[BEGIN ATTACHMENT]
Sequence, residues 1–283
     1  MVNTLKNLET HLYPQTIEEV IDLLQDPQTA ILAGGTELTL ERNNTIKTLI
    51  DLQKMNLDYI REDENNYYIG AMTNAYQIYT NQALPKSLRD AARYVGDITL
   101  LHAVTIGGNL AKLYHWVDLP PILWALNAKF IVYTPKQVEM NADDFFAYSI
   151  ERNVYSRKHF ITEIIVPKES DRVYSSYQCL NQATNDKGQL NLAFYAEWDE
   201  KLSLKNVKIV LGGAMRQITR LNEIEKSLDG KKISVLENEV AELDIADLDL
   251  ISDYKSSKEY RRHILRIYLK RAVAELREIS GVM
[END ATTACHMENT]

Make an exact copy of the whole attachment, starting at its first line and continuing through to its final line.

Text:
Sequence, residues 1–283
     1  MVNTLKNLET HLYPQTIEEV IDLLQDPQTA ILAGGTELTL ERNNTIKTLI
    51  DLQKMNLDYI REDENNYYIG AMTNAYQIYT NQALPKSLRD AARYVGDITL
   101  LHAVTIGGNL AKLYHWVDLP PILWALNAKF IVYTPKQVEM NADDFFAYSI
   151  ERNVYSRKHF ITEIIVPKES DRVYSSYQCL NQATNDKGQL NLAFYAEWDE
   201  KLSLKNVKIV LGGAMRQITR LNEIEKSLDG KKISVLENEV AELDIADLDL
   251  ISDYKSSKEY RRHILRIYLK RAVAELREIS GVM